How much sand can you pour through a funnel? Perhaps this is something you have tried to do at some time.
If you have, you would have found that to do so successfully it is necessary to control how much sand is directed at the funnel.
If you try to force too much sand into the funnel, it just clogs up and gets stuck. As a result, very little sand is now getting through the funnel.
Now imagine an entire array of funnels, and you must get a truckload of sand through them.
If you just back up the truck and dump all of the sand on the funnels, do you think that will work?
As you have guessed by now, just trying to dump all of the sand on the array of funnels will fail if the goal is to get all of the sand through them.
So, what has this to do with databases?
Here is a very similar situation that is all too commonly seen.
A database is running on a server with a finite number of processors, let’s say there are 64 non-hyperthreaded cores. (leaving HT out of the mix to keep it simple)
Those 64 cores are required to do a massive load of work. There is a job that must be run that will cause non-stop database activity, a batch job.
Which of the following scenarios is likely to work?
Use a lot of sessions
Start 640 sessions from 10 applications servers, each of the application servers will be running 64 sessions.
The reasoning behind this; we usually have 3000 sessions connect to the database, and it seems ok.
We want this job to run quickly, so we will use many sessions to get it done.
Use a limited number of sessions
Reasoning that there are only so many resources (64 CPU cores available), and there are some other users on the system that may be trying to do work, we run this job with 30 sessions.
Having once tried to stuff sand through funnels when we were children, we realize that trying to force too much work through the system will not work very well.
OK, that previous sentence is a dead giveaway as to what the correct choice is.
If you use a total of 30 sessions to complete this job it will finish much sooner than if 640 sessions were used.
Why is that?
Think of the CPUs in the database server as if they were that array of funnels discussed earlier.
If the choice is made to use 640 sessions, each CPU is trying to serve 10 very busy database sessions; a significant amount of time must be spent by the O/S to manage those sessions.
To oversimplify the process a bit:
– pop a sessions values off the stack and into memory
– push the new sessions values onto the stack
– do some work ( very little work )
– repeat until finished.
Let’s assume the cost of managing all of this extra overhead is 20% of CPU time.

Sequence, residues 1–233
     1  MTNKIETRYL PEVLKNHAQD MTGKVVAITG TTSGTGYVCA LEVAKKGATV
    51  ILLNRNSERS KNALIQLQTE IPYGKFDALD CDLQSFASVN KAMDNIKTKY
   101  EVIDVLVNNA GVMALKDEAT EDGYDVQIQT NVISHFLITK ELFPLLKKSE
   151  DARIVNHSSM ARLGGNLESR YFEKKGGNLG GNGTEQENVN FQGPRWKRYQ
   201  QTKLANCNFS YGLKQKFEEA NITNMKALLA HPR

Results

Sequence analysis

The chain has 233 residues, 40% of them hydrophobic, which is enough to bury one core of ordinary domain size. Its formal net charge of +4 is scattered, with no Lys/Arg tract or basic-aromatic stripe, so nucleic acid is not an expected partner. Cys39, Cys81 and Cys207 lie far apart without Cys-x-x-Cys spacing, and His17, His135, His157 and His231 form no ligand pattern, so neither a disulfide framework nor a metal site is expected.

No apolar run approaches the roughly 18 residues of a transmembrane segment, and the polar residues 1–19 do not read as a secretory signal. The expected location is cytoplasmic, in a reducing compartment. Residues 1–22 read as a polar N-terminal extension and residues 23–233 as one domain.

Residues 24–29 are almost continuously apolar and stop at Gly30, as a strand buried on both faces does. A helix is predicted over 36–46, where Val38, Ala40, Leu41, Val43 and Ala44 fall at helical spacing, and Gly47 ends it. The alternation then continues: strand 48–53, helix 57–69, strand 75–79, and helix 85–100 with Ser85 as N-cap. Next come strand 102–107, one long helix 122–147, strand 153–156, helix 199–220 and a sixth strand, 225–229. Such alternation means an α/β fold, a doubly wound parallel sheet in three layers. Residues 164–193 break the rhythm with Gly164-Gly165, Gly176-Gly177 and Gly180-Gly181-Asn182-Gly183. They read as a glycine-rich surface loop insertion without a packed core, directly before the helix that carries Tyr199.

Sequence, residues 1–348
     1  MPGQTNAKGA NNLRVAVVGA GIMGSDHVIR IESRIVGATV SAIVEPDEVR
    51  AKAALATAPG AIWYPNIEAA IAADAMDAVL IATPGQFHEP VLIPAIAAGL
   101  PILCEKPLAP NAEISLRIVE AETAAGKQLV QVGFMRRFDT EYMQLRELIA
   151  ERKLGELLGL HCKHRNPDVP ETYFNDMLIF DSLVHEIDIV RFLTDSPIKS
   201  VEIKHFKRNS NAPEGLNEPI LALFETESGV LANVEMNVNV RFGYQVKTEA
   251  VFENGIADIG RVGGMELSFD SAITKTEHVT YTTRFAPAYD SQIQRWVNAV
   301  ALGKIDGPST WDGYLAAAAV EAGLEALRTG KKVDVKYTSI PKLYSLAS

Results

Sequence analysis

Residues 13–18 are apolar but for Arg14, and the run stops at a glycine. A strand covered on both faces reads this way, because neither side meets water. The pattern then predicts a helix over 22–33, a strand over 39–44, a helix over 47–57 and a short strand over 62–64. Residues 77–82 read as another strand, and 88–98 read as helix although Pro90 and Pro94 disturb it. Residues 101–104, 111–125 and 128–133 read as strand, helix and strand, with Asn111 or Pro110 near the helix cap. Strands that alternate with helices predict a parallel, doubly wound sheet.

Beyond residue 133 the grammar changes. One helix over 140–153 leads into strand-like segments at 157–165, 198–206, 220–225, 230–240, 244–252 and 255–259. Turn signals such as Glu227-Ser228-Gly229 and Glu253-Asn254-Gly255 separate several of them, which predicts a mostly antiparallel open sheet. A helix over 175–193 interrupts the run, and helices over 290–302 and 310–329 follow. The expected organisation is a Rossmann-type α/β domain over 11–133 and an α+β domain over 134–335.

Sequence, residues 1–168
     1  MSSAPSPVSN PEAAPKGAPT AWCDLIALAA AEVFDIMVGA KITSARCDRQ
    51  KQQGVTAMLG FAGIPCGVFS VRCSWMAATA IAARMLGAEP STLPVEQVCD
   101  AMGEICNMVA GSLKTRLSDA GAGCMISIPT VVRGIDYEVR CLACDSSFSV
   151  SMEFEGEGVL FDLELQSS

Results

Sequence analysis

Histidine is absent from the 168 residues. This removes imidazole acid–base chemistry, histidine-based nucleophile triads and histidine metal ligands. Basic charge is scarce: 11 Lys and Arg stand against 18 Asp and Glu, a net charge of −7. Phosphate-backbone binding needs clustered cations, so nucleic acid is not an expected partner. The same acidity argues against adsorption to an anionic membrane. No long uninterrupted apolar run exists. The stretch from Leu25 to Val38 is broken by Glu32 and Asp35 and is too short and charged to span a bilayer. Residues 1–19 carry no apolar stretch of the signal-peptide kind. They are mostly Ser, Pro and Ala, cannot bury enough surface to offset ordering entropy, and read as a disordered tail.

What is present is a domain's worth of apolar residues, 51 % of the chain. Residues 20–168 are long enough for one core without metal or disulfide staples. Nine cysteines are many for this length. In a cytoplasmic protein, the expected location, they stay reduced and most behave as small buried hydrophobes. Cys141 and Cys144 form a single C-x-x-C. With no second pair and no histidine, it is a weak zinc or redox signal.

For each second, that leaves 800 milliconds in total that must be divided between 10 active database sessions, so that each session will get 80 milliseconds per second of CPU time – that is 8% of a CPU.
But what if instead of 640 sessions, 30 were used instead?
Immediately the extra overhead for scheduling sessions on to the CPU is eliminated.
If you are doing the math right now you may be thinking to yourself ‘Hold on a minute, the 640 sessions should still get more work done than the 30 sessions!’
Let’s take a look.
With 30 sessions, let’s assume each session gets 100% CPU for the duration of the job.
Lets see how many CPU seconds of work are performed in an hour using these simple metrics.
30 sessions at 100% cpu x 3600 seconds = 108000 CPU seconds of work.
( 640 sessions each getting .08 seconds per second of CPU ) x 3600 seconds = 184320 CPU seconds of work.
What we have considered so far is quite an oversimplification, in that we are considering only the CPU time available.
The extra 610 sessions will cause quite a bit of extra work to take place, as well as extra waits.
Here are just a few things that will also cause the jobs to require more time:
– free buffer/read by other session waits
– IO contention – there will be much more contention with too many sessions
– memory management
– network congestion (possibly)
If you would like to see an excellent graphical presentation of this in action, I highly recommend the two following videos from Oracle Real World Performance.
If you can spare 30 minutes to watch these two presenations, they will be well worth your time, as they clearly show how reducing the number of application server connections will actually allow for more work to be done in the database.